Lewis left Pittsburgh and started down the Ohio River on August 31, 1803, and made the first entry in what became the journals of the expedition. The journals, says Ambrose, “have a driving narrative that is compelling, yet they pause for little asides and anecdotes that make them a delight to read.” Donald Jackson, editor of the Letters of Lewis and Clark, describes the two captains as “the writingest explorers of their time,” men who “wrote constantly and abundantly, afloat and ashore, legibly and illegibly, and always with an urgent sense of purpose.” In often vivid and sharp prose they described much of what they encountered—plants, animals, people, weather, geography, and unusual experiences. In reading the journals we experience the journey as the two captains experienced it. Ambrose is not exaggerating in calling the journals “one of America’s literary treasures.”

In October 1803 Lewis picked up Clark in Indiana, and gathered some of the recruits for what was called the Corps of Discovery. The party spent a long winter at River Dubois, across from St. Louis, waiting for the formal transfer of the Louisiana territory from Spain and France to the United States and enlisting more men for the expedition. The group set out on May 14, 1804, with forty-odd men, including Clark’s black slave, York. The explorers traveled up the Missouri, and by October reached the villages of the Mandan Indians, in present-day North Dakota, where they decided to spend the winter of 1804–1805.

Since traders had penetrated this far up the Missouri, the expedition had not yet covered completely unknown ground. Lewis and Clark spent time during this first stage of the journey dealing with some disciplinary problems and the death of a sergeant—the only member of the Corps to die on the journey. Although they had a nearly violent confrontation with the Teton Sioux in present-day South Dakota, most of the time the captains left the Indians they met more bewildered than angry. The translation problems were immense. The Indians would speak to an Indian in the expedition, who then spoke in another Indian tongue to someone who understood that tongue but could only speak French, who then passed on what he heard to someone who understood French but also spoke English. Only then could Lewis and Clark finally find out what the Indians had originally said. Their reply, of course, had to repeat the process in reverse. Tedious as conversation with the Indians was, Lewis and Clark worked out an elaborate ceremony for all the Indian tribes they encountered, informing them that the United States had taken over the territory and that their new father, “the great Chief the President,” was “the only friend to whom you can now look for protection, or from whom you can ask favours, or receive good counciles, and he will take care to serve you, & not deceive you.” After what became the standard speech to the Indians, the captains distributed some presents—from the large store of beads, brass buttons, tomahawks, axes, moccasin awls, scissors, mirrors, as well as US flags and medals with Jefferson’s visage, that they carried with them.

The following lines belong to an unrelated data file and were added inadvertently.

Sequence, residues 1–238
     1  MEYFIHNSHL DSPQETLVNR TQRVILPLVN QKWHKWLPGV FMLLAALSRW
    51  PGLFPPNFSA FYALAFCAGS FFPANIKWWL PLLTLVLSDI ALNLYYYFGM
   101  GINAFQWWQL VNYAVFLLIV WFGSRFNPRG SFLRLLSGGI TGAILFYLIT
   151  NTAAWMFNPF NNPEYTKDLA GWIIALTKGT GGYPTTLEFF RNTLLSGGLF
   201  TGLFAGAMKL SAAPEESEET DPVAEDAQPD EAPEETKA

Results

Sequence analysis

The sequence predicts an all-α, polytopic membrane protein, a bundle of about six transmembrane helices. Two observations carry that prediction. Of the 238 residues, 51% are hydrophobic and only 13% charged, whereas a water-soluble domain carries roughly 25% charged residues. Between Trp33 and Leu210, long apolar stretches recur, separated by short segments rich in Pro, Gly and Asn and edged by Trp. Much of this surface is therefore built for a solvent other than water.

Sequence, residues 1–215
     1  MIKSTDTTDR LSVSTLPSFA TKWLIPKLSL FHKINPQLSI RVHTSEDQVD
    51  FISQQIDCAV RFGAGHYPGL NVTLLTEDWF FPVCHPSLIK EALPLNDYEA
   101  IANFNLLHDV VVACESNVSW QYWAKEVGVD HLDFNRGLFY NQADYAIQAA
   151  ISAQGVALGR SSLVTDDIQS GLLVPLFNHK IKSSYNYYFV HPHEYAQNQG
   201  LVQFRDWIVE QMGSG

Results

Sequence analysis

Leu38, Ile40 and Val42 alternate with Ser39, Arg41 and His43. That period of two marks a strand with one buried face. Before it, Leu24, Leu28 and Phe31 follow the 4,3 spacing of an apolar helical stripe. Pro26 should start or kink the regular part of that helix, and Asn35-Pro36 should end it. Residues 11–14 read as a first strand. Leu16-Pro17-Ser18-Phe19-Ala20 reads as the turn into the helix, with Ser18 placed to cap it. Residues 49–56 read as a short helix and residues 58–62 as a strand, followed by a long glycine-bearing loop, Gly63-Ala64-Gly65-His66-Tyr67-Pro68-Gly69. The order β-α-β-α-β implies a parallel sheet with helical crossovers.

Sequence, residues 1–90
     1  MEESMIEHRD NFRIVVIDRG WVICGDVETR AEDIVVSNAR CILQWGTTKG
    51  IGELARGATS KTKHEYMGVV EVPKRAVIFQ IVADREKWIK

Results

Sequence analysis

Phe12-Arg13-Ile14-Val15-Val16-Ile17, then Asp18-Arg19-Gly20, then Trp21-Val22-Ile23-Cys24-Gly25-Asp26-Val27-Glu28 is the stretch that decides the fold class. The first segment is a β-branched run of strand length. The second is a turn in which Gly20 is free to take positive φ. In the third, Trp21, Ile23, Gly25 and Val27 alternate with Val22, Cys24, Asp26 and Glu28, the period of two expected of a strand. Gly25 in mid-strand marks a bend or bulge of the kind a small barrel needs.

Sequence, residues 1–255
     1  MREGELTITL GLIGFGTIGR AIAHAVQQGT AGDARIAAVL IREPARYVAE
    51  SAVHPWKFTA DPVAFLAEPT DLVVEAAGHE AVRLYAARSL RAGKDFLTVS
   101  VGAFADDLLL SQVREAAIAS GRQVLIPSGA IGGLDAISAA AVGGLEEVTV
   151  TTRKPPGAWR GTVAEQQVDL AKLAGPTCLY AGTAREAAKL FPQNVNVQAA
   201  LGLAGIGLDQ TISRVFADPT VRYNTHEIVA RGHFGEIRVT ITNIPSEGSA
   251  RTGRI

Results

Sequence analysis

The Corps of Discovery spent the winter of 1804–1805 in a fort it constructed near the Mandan villages. In April 1805 Lewis and Clark sent back their heavy keelboat and some enlisted men to St. Louis along with a written report, a map, and some botanical, mineral, and animal specimens to be delivered to President Jefferson. Joining the party now was the Shoshone woman Sacagawea with her husband and their infant son; she was to prove invaluable as a translator during the next stages of the journey.

In six canoes and two pirogues the group of thirty-three set out on April 7, 1805, to proceed up the Missouri to the Rockies. Even though Lewis, as he wrote in his journal, was about “to penetrate a country at least two thousand miles in width, on which the foot of civilized man had never trodden; the good or evil it had in store for us was for experiment yet to determine,” he could not have been happier. “This little fleet,” he said, “altho” not quite so rispectable as those of Columbus or Capt. Cook, were still viewed by us with as much pleasure as those deservedly famed adventures ever beheld theirs; and I dare say with quite as much anxiety for their safety and preservation.”

At this point in the narrative Ambrose really begins indulging in what earlier had been only occasional references to the “first” this and the “first” that. So in addition to having “the first collection of weather data” and “the first election” west of the Mississippi and “the first” American descriptions of the tepees and ceremonial dress of the Plains Indians, we have either the “first Americans” or the “first white men” to see a Sioux scalp dance, view the Rockies, kill a grizzly, confront a Shoshone war party, hear of the Nez Percé Indians, enter present-day Idaho, Washington, and Oregon by land, journey on the Columbia River east of the Cascades, and make the first transcontinental linking of what would become the United States. Even the decision of where to spend the winter of 1805–1806, which Lewis and Clark put to a vote of their party, becomes an occasion for Ambrose’s listing of firsts: “the first vote ever held in the Pacific Northwest… the first time in American history that a black slave had voted, the first time a woman had voted.” (This last is incorrect.)